At Bobby’s BBQ in Fountain Inn, Tay Nelson fires up some darn good barbecue.
It all started with a seasoning blend. In 2010, while working at GE testing turbine engines, Octavius (Tay) Nelson created Bobby’s All-Purpose Seasoning as a side hustle, inspired by blends his father, Bobby, had made. The seasoning was named in honor of his father, who passed away in 2008, and his brother, also named Bobby, who died the following year.
Growing up in Fountain Inn, Nelson always liked to cook, an affinity he credits to the influence of his father, who owned a local restaurant. One day in 2014, when his pregnant wife, Sarah, was at a baby shower, he got a craving for barbecue ribs. He went on YouTube to search for DIY videos and came across “this cool nerdy guy” who was cooking up Central Texas ’cue. Nelson didn’t know it then, but that guy turned out to be Aaron Franklin, one of the most acclaimed pitmasters in the country.
Following Franklin’s instructions on the video as closely as he could, Nelson whipped up some pork butt and a rack of pork ribs. “[Franklin] had a smoker, and I had a $100 charcoal grill from Walmart,” Nelson notes. Despite the difference in equipment, Sarah’s praise for her husband’s efforts spurred him to start experimenting with barbecue.
Finding Aaron Franklin further stoked the nascent pitmaster’s passion, and as part of his research, he traveled around Texas meeting with storied barbecue chefs and learning everything he could about smoking meat. Fast forward to October 2018, when Nelson quit his full-time job at GE and opened Bobby’s BBQ on Main Street in Fountain Inn. Today his award-winning brisket, ribs, and house-made sausages are all cooked in wood-fired smokers over white oak and red oak from South Carolina.
Nelson aims to build community through food at his homey restaurant, where a sign on the wall reminds folks: “Here we are all family.” One of the best pieces of advice his father gave him about the restaurant business was, “people work hard for their money; when they come in, you should give them the best experience possible.”
And so he does. Bobby’s meltingly tender brisket requires up to 16 hours to cook. “It’s a labor of love,” reports Nelson, who stands over his smokers in the sweltering summer heat and the winter cold alike. “There are three [flavor] components to all our barbecue, but especially our brisket: you taste the mild smoke of the wood, our seasoning, and the quality of the prime meat we use.”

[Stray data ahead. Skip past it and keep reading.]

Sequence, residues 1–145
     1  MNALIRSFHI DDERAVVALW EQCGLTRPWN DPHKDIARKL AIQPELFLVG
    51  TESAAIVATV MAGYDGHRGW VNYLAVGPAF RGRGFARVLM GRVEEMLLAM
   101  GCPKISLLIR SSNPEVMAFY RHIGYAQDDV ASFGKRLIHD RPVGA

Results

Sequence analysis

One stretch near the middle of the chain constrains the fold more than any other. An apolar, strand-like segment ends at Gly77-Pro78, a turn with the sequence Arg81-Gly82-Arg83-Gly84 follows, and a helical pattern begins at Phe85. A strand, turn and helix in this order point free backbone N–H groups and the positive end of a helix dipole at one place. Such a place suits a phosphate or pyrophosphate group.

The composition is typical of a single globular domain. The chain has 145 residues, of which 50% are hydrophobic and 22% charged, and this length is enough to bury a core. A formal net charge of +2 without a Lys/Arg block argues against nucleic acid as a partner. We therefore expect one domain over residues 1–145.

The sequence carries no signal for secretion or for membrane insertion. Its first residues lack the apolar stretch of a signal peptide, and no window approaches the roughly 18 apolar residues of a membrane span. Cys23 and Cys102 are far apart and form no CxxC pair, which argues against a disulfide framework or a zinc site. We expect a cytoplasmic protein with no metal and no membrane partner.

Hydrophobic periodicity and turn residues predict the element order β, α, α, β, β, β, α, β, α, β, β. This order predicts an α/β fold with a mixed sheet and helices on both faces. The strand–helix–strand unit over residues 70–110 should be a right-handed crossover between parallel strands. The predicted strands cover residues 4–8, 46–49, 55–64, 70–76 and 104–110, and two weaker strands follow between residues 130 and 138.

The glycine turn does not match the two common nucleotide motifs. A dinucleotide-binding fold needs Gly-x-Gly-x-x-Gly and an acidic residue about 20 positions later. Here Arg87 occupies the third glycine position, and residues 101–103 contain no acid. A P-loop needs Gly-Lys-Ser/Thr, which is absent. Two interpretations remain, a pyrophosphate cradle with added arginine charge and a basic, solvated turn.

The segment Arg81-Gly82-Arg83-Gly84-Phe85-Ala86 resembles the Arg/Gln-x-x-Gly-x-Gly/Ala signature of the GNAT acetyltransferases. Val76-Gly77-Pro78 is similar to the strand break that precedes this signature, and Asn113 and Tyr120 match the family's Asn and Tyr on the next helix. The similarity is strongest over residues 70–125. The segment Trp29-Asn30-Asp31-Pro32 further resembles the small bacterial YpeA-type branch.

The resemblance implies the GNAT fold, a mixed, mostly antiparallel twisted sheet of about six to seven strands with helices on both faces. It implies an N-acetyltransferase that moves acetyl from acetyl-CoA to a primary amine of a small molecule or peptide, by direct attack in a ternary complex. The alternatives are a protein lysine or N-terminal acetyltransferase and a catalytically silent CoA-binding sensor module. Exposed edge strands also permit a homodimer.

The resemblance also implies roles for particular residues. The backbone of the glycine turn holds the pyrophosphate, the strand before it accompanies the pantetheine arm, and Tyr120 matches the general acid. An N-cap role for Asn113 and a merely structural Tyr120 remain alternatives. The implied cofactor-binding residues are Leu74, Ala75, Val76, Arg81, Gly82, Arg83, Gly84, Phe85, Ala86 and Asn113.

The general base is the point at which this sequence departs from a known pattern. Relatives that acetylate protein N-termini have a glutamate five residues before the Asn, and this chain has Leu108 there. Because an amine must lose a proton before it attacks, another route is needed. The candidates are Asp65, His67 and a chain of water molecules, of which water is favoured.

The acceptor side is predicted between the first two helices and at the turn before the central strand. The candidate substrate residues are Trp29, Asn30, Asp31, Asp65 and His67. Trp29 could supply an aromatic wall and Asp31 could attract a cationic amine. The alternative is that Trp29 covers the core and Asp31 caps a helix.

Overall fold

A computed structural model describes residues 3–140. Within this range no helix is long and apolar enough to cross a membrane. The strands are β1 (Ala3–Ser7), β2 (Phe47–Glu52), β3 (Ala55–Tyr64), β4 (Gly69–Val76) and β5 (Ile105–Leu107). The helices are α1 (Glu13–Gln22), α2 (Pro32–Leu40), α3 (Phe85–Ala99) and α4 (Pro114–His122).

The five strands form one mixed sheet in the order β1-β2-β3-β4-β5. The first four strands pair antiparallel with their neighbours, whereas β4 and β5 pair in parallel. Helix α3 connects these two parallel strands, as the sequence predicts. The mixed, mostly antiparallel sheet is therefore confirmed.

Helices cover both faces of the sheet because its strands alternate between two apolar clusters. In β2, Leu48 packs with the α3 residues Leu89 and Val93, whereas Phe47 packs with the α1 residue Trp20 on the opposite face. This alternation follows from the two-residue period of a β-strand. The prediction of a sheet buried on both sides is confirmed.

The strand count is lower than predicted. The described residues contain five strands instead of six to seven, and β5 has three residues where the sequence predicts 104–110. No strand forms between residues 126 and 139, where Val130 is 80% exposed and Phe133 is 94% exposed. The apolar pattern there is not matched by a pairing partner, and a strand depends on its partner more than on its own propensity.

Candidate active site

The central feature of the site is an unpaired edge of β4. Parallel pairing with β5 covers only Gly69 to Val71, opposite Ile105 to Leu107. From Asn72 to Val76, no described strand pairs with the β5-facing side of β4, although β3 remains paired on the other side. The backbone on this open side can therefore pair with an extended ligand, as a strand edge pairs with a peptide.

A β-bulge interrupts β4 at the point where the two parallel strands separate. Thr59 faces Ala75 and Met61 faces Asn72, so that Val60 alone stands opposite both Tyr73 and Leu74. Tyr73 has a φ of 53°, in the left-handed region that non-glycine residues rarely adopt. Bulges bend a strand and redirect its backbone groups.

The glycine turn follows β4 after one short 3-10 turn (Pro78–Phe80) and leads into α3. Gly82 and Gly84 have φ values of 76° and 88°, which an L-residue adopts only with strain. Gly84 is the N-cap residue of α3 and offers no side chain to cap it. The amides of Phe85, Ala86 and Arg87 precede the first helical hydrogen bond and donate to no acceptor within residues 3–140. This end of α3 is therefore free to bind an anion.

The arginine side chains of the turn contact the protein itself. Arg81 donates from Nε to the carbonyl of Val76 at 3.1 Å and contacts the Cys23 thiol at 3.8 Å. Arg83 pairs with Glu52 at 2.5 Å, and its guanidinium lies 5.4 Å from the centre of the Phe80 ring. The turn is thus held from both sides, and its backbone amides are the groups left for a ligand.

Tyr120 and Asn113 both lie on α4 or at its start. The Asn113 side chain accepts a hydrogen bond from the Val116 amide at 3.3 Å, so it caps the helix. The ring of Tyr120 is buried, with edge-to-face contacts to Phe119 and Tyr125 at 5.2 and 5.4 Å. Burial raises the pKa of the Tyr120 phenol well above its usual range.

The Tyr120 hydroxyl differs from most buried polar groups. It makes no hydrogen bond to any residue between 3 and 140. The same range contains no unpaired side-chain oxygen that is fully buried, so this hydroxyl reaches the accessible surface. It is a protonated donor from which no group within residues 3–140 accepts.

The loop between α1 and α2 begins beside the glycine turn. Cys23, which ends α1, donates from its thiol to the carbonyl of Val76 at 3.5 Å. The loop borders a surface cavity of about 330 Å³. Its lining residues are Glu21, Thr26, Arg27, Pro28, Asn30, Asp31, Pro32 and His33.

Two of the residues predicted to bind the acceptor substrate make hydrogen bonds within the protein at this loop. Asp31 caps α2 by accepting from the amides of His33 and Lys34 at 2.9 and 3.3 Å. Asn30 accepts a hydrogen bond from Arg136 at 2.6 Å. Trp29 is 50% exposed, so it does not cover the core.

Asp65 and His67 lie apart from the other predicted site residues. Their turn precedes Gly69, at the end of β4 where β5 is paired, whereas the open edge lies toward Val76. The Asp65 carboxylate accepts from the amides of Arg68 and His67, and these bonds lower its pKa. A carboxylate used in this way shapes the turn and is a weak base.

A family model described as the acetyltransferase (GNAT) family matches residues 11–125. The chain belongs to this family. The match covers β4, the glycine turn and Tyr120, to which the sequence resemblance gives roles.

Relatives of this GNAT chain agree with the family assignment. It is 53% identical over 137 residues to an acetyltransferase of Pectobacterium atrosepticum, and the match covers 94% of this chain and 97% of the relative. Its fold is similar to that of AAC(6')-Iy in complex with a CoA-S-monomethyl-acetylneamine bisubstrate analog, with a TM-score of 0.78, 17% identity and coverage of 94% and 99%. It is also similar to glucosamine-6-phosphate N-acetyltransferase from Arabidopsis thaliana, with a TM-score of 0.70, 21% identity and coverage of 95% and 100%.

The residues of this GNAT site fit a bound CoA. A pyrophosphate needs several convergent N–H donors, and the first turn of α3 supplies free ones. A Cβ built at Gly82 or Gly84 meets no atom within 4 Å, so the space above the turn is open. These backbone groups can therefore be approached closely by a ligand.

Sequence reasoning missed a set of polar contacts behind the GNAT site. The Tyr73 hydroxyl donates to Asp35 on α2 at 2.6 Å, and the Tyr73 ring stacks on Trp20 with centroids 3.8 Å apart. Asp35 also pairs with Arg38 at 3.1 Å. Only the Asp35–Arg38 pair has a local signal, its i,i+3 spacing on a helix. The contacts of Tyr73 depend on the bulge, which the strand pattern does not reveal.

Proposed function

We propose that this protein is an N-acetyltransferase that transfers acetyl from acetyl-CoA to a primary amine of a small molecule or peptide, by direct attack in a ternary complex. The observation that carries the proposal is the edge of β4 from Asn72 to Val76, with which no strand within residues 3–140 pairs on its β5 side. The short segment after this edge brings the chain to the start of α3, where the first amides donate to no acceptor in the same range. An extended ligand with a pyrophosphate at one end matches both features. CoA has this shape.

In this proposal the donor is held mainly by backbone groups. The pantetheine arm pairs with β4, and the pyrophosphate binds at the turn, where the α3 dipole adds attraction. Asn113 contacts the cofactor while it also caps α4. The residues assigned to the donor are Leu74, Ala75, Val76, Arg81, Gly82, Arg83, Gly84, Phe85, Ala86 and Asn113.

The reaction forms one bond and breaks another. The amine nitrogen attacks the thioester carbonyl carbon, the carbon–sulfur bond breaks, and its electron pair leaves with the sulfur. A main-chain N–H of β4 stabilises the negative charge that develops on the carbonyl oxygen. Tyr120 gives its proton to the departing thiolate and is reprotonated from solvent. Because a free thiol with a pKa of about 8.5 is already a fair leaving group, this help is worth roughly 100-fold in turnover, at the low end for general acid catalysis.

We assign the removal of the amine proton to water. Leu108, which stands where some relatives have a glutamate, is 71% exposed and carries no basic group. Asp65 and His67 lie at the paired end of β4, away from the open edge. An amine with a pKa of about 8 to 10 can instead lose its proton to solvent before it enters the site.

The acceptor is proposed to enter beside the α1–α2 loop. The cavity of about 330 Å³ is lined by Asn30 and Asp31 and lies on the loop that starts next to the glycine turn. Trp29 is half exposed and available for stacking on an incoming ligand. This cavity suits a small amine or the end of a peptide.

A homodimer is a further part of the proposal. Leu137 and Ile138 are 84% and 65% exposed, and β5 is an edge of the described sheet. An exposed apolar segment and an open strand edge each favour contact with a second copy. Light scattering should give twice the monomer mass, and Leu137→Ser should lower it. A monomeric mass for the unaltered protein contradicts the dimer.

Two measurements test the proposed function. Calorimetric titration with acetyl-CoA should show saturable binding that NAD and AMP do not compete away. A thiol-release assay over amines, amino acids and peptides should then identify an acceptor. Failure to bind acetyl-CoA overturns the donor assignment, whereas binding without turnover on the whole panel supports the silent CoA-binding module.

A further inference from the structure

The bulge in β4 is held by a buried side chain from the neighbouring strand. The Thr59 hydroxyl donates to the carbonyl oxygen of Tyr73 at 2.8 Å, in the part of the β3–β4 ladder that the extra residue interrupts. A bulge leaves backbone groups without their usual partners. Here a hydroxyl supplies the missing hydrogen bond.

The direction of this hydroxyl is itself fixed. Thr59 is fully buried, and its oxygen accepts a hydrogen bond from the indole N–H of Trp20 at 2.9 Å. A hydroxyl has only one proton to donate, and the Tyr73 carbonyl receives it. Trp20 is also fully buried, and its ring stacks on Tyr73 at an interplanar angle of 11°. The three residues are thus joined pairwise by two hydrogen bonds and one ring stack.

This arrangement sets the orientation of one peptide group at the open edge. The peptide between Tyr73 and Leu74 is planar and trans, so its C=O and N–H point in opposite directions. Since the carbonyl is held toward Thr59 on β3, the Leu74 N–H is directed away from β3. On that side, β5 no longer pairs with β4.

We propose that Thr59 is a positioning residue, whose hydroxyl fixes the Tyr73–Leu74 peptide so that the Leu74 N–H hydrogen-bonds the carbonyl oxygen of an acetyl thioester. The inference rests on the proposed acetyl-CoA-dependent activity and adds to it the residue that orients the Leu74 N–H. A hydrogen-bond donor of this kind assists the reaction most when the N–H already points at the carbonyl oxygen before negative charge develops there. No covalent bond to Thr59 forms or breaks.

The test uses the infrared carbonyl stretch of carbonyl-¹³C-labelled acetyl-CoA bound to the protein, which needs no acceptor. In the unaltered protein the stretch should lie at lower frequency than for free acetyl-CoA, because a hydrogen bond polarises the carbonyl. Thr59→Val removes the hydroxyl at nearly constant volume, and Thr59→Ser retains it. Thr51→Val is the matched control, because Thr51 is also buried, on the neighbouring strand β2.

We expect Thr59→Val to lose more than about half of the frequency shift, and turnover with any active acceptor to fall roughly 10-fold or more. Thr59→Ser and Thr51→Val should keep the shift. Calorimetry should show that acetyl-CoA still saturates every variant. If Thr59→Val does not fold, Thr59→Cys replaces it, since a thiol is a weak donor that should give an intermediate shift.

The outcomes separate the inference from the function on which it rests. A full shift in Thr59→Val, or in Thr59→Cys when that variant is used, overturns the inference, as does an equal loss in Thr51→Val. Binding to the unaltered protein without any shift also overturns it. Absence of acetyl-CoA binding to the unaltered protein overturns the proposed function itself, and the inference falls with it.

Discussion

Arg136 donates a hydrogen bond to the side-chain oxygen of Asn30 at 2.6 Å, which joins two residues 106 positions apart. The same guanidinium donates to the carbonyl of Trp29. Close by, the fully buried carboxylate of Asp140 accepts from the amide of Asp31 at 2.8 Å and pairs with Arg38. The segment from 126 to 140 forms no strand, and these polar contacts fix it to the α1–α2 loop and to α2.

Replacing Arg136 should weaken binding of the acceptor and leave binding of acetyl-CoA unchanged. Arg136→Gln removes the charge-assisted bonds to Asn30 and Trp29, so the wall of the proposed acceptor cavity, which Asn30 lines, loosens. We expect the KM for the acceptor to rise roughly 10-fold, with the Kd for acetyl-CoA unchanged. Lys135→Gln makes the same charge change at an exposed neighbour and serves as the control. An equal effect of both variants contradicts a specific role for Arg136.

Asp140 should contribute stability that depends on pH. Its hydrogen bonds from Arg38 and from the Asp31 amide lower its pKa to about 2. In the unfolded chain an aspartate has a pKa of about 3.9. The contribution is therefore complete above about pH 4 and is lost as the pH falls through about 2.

Of course, you can’t have barbecue without sides, and Nelson credits those to Sarah. It’s difficult to choose between the likes of sweet potato crunch, cheesy potato casserole, corn pudding, and Ellie’s baked beans, many based on family recipes.
Tending the smokers, Nelson shares, “I love the crackling of the wood, I love the smell of it. It’s barbecue, but it touches the soul. That’s true soul food.”
Preserving the Pit at Bobby’s BBQ
Tay Nelson added another notch to his barbecue belt this spring, when he was chosen as one of six recipients of a national fellowship through Kingsford’s Preserve the Pit program. Part of an effort to preserve the culture and history of Black barbecue in America and to invest in its future, the program pairs pitmasters with more experienced mentors around the country. During his fellowship, Nelson will work with Amy Mills, owner of 17th Street Barbecue in Murphysboro, Illinois.
Trying your hand cooking barbecue at home? Check out Bobby’s BBQ tutorials on YouTube, and heed the pitmaster’s following advice:
- Do some research beforehand so you understand what you’re doing, and start with something that has a shorter cooking time than brisket (which smokes for at least 10 hours).
- Use a digital thermometer to check the temperature of your meat (Nelson uses the ThermoWorks Thermopen ONE).
- Keep a barbecue journal: note the type of protein you’re cooking, the time it took, the temperature outside, what fuel source you used, how you prepped the meat, and what you thought of the result.
- Be patient with yourself; it takes time to master the art of barbecue.
- Once you pick a barbecue style you like, stick with that until you’re comfortable with it, before tackling something else.
Spice It Up
From the original Bobby’s All-Purpose Seasoning, the line has grown to include two additional blends: BBQ Rub and Citrus Rub. The “OG,” as Nelson calls it, can be used as a table seasoning and a marinade. “Earthy and savory with a little heat at the end,” is how he describes it. BBQ Rub is great on burgers, pulled pork, and other meats, while the Citrus Rub complements smoked turkey breast, chicken, and seafood. Nelson is also working on a new line of barbecue sauces based on the three he serves at his restaurant.
Find Nelson’s seasoning blends at Bobby’s BBQ in Fountain Inn, at local Lowe’s Foods stores, or online at eatbobbys.com.
Bobby’s BBQ, 1301 N. Main St., Fountain Inn, 864.409.2379, eatbobbys.com
Bobby’s BBQ Homestyle Coleslaw
From Tay Nelson, owner and pitmaster, Bobby’s BBQ
- ½ cup of mayo (we love Dukes!)
- 2 Tbsp white vinegar
- 1 ½ tsp Bobby’s Original All-Purpose Seasoning (available online at eatbobbys.com or locally at Lowe’s Foods)
- 1 ½ tsp white sugar
- 6 cups (combined) shredded red and green cabbage and carrots
Place the first four ingredients in a large bowl and whisk until fully mixed. Add the cabbage and carrots, and toss until fully coated with mayo dressing. Set in refrigerator to chill for 1–2 hours (or overnight) until ready to serve. (Coleslaw may be stored up to 48 hours after mixing.)